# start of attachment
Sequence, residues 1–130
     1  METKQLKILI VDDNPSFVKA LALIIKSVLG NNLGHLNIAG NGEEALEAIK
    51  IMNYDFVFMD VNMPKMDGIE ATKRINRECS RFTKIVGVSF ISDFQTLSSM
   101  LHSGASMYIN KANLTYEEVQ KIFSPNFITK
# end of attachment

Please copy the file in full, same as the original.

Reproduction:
Sequence, residues 1–130
     1  METKQLKILI VDDNPSFVKA LALIIKSVLG NNLGHLNIAG NGEEALEAIK
    51  IMNYDFVFMD VNMPKMDGIE ATKRINRECS RFTKIVGVSF ISDFQTLSSM
   101  LHSGASMYIN KANLTYEEVQ KIFSPNFITK